Naga oil lamp

The bronze lamp hangs from a linked chain and bent hook, the main component in the shape of a serpent with an upraised head and tail. The head supports a flat dish that held the oil, where a small wick would have provided the flame. The serpent has an open mouth with pronounced teeth and extended tongue, the upper half of the body is incised with circles representing scales, and the belly side is ribbed with projecting bands.

Historical period(s)
14th century
Medium
Copper alloy
Dimensions
H x W x D (without chain): 33 × 17.2 × 6.5 cm (13 × 6 3/4 × 2 9/16 in)
Geography
Indonesia, Java
Credit Line
Promised gift of Ann and Gilbert Kinney to the Arthur M. Sackler Gallery
Collection
Long-term loan
Accession Number
LTS2015.3.2
On View Location
Currently not on view
Classification(s)
Metalwork, Sculpture
Type

Lamp

Keywords
dragon, Indonesia, Java, lamp
Provenance
Provenance information is currently unavailable
Description

The bronze lamp hangs from a linked chain and bent hook, the main component in the shape of a serpent with an upraised head and tail. The head supports a flat dish that held the oil, where a small wick would have provided the flame. The serpent has an open mouth with pronounced teeth and extended tongue, the upper half of the body is incised with circles representing scales, and the belly side is ribbed with projecting bands.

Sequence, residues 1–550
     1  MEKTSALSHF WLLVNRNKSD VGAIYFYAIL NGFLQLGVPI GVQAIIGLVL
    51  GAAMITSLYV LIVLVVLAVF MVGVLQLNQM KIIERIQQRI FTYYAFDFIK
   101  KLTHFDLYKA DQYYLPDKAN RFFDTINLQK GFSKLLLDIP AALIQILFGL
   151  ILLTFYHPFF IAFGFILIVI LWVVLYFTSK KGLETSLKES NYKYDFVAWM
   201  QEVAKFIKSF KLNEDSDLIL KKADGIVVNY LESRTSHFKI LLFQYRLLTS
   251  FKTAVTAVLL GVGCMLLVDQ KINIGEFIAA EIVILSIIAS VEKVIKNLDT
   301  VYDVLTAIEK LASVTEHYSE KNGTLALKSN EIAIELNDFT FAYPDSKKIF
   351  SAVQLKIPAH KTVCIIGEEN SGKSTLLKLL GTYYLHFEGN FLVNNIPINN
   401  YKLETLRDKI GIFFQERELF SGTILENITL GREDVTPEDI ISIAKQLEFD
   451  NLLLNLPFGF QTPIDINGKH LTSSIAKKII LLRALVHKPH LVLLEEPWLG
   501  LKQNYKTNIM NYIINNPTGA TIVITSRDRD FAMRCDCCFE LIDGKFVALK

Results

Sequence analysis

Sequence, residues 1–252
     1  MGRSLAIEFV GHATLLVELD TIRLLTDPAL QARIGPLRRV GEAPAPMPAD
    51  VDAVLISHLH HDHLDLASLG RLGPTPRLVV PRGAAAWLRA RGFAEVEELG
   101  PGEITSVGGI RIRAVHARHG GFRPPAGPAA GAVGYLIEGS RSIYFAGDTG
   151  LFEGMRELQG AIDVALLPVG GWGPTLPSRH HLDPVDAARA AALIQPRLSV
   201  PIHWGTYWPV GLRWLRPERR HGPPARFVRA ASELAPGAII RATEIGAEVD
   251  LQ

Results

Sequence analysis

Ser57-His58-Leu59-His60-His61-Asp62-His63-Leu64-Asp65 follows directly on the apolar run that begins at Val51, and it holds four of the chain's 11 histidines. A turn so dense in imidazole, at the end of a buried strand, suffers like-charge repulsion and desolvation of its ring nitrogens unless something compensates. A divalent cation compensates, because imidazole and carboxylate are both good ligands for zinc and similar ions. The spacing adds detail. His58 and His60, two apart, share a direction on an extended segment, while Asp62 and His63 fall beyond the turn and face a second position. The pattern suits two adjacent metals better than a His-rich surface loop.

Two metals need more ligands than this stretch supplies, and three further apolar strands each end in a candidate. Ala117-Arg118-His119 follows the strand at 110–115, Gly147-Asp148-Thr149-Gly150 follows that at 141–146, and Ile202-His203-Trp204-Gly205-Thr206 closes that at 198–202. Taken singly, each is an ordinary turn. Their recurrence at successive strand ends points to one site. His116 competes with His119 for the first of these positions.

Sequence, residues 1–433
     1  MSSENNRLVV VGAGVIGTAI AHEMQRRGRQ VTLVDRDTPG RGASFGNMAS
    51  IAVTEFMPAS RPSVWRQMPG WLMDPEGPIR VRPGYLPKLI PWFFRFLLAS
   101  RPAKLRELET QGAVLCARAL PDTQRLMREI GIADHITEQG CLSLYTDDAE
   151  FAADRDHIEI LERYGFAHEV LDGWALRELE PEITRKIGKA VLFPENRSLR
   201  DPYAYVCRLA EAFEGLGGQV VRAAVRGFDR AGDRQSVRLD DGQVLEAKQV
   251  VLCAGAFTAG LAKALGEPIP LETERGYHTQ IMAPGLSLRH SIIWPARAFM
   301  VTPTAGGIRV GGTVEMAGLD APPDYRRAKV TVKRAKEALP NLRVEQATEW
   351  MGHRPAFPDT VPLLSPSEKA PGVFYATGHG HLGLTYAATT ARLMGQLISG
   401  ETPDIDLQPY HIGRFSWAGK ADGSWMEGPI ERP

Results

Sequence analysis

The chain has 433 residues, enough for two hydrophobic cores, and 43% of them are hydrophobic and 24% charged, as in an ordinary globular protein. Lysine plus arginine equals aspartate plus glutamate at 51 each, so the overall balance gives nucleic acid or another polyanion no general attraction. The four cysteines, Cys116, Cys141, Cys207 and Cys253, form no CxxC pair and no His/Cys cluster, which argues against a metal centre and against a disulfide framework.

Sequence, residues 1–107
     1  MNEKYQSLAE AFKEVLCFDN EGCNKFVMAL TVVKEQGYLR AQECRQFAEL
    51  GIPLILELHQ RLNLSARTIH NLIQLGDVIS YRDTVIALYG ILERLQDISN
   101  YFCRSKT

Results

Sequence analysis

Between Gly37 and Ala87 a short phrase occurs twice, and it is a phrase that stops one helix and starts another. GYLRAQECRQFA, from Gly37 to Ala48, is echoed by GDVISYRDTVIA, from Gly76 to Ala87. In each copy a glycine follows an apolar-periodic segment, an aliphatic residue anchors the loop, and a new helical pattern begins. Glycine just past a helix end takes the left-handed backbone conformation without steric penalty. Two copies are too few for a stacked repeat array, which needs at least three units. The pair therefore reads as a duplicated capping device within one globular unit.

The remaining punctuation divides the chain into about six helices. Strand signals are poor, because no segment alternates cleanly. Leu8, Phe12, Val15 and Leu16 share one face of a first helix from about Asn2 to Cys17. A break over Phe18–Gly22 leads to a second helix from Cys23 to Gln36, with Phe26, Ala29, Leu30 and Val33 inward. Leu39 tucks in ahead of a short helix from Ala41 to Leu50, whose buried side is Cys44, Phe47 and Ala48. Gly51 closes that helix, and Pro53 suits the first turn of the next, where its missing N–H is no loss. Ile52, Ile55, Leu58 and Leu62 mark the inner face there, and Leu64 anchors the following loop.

Label

Known as nagas, serpents are powerful symbols in South and Southeast Asia. They guard the watery underworld, where they are believed to reside in jeweled palaces and protect corals and pearls. In Southeast Asia, nagas also represent the bridge that connects the human and divine worlds.

This bronze oil lamp takes the shape of a naga with an upraised head and tail, which hangs from a linked chain and bent hook. The head supports a flat, petal-shaped dish that held the oil, where a small wick would have provided the flame. The serpent has an open mouth with pronounced teeth and extended tongue, the upper half of the body is incised with circles representing scales, and the belly side is ribbed with projecting bands.

Relief carvings on Indonesian temples show lamps like this one illuminating sacred and palatial interiors.

Published References
  • Nandana Chutiwongs. Bronze Ritual Implements in the Majapahit Period: Meaning and Function. No. 6, vol. 30 Hong Kong. pp. 69-84, p. 51, 76, fig. 15.
Collection Area(s)
Southeast Asian Art
Web Resources
F|S Southeast Asia
SI Usage Statement

Usage Conditions Apply

There are restrictions for re-using this image. For more information, visit the Smithsonian's Terms of Use page.

The information presented on this website may be revised and updated at any time as ongoing research progresses or as otherwise warranted. Pending any such revisions and updates, information on this site may be incomplete or inaccurate or may contain typographical errors. Neither the Smithsonian nor its regents, officers, employees, or agents make any representations about the accuracy, reliability, completeness, or timeliness of the information on the site. Use this site and the information provided on it subject to your own judgment. The Freer Gallery of Art and Arthur M. Sackler Gallery welcome information that would augment or clarify the ownership history of objects in their collections.